Sarah Twardock webThe mere mention of the words “character education” inevitably sparks resistance among certain populations.

If my students don’t get certain test scores, my job is in jeopardy, asserts the overworked teacher. I don’t have time to teach math AND character.

“What do you mean, you’re going to teach my child character?” questions a suspicious parent. “I don’t want the school to teach him something against my values.”

People are going to be mean no matter what you try to teach them, argues the jaded teenager. All of these “character” programs are a big joke.

These statements are valid—if you are referring to a very limited, narrow approach to character education. We all know the type. It’s characterized by inspirational posters on the wall, times set aside throughout the school year to didactically teach students about a particular character trait, and outdated videos that oversimplify the nuances and challenges facing young people developing a personal code of ethics. Yes, the core values highlighted on the posters and in the designated “character times” are concepts we can all agree upon—surely, that suspicious parent would not object to her son learning about respect, responsibility, integrity, and perseverance. Yet this rather half-hearted attempt to promote the values essential to a student’s (and society’s) optimal development while appeasing the naysayers is not particularly effective, and it has created a widespread misconception of character education as the “soft” part of education that is difficult to dispel.

Difficult, yes, but impossible, no. The case for character education is certainly there. Numerous studies (Angela Duckworth’s grit scale and Joseph Durlak’s meta-analysis of SEL programs come to mind) have shown that particular character traits—such as being able to persevere in the face of failure, make responsible decisions and goals, recognize and manage emotions, establish positive relationships, and constructively handle interpersonal situations, among others—predict success above and beyond IQ. Given that schools were created to equip young people with the skills necessary to succeed in and eventually lead our society, it seems irrefutable that they should not only help their students to attain certain test scores, but also intentionally work to develop these personal qualities in students that enable them to succeed beyond the classroom as well.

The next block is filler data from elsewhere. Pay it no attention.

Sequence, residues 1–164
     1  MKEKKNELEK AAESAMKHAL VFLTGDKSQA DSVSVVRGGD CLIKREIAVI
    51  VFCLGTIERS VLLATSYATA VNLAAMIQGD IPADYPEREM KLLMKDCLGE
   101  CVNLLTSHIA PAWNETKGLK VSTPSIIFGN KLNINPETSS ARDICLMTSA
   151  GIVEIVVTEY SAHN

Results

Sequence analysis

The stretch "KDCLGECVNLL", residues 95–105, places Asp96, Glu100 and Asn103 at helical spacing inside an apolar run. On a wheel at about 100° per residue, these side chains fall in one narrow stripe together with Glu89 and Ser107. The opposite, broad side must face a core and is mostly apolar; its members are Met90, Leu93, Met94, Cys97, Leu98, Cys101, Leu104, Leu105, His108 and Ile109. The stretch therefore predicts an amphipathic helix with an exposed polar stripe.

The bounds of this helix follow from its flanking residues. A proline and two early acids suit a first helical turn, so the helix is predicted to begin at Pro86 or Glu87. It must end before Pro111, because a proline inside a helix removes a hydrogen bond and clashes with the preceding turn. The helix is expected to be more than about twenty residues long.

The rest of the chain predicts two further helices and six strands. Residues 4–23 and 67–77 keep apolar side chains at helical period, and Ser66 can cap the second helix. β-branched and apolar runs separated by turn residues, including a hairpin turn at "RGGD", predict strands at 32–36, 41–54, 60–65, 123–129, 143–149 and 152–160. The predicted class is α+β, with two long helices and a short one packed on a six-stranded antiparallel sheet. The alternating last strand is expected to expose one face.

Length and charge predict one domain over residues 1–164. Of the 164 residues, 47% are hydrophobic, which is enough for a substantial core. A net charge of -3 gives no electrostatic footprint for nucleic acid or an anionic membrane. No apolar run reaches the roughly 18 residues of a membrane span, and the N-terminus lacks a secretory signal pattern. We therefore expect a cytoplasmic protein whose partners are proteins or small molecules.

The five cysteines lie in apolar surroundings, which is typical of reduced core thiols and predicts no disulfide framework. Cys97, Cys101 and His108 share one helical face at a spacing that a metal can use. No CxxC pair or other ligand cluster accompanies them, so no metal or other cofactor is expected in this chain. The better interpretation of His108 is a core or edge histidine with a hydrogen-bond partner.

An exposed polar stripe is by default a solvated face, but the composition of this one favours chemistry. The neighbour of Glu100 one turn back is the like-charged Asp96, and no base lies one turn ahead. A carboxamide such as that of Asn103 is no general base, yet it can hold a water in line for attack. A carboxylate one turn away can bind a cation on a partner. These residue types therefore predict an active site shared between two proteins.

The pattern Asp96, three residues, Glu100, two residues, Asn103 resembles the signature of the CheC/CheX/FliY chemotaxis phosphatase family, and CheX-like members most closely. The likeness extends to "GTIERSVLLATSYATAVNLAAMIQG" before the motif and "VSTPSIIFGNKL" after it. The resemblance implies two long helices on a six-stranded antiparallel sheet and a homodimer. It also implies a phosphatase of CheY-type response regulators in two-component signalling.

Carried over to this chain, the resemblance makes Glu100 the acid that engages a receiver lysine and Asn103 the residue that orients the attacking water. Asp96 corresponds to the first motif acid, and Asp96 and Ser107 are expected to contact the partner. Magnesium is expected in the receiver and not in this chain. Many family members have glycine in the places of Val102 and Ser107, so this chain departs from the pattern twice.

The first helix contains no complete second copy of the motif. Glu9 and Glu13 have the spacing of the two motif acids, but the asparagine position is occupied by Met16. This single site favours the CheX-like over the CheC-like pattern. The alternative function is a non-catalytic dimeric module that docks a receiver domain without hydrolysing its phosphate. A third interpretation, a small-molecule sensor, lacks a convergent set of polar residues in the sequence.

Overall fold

The framework for developing a comprehensive, successful character education program is also in place. A growing number of schools across the country have used the Eleven Principles of Effective Character Education to bring staff, parents, and, most importantly, students, together to create a more caring and productive learning environment. Those schools that have received the highest marks according to the 11 Principles assessment tool saw numerous concrete indicators of whole school improvement. For example, students were treating others with more respect. Violence and bullying decreased. Substance abuse declined. Teacher morale and retention improved. Parental involvement increased. And, of course, that lynchpin of all good schools, academic achievement, also significantly improved.

The question remains, then, how to take these success stories to the masses and publicize what effective character education really looks like. If teachers knew that effective character education is the cultivation of a nurturing classroom culture rather than an additional item to fit into the busy school day, they wouldn’t feel as though their agenda were too jam-packed for character. If parents knew that their children would be encouraged to reach their fullest potential in a more respectful environment, they wouldn’t view character education as an attempt to undermine their role as primary moral educators. And if students were involved in creating their own character development initiatives, they wouldn’t dismiss them as an outdated waste of time.

Please help CEP spread the word on what effective character education is and what it is not. We’d love to hear your ideas on how we can further the movement!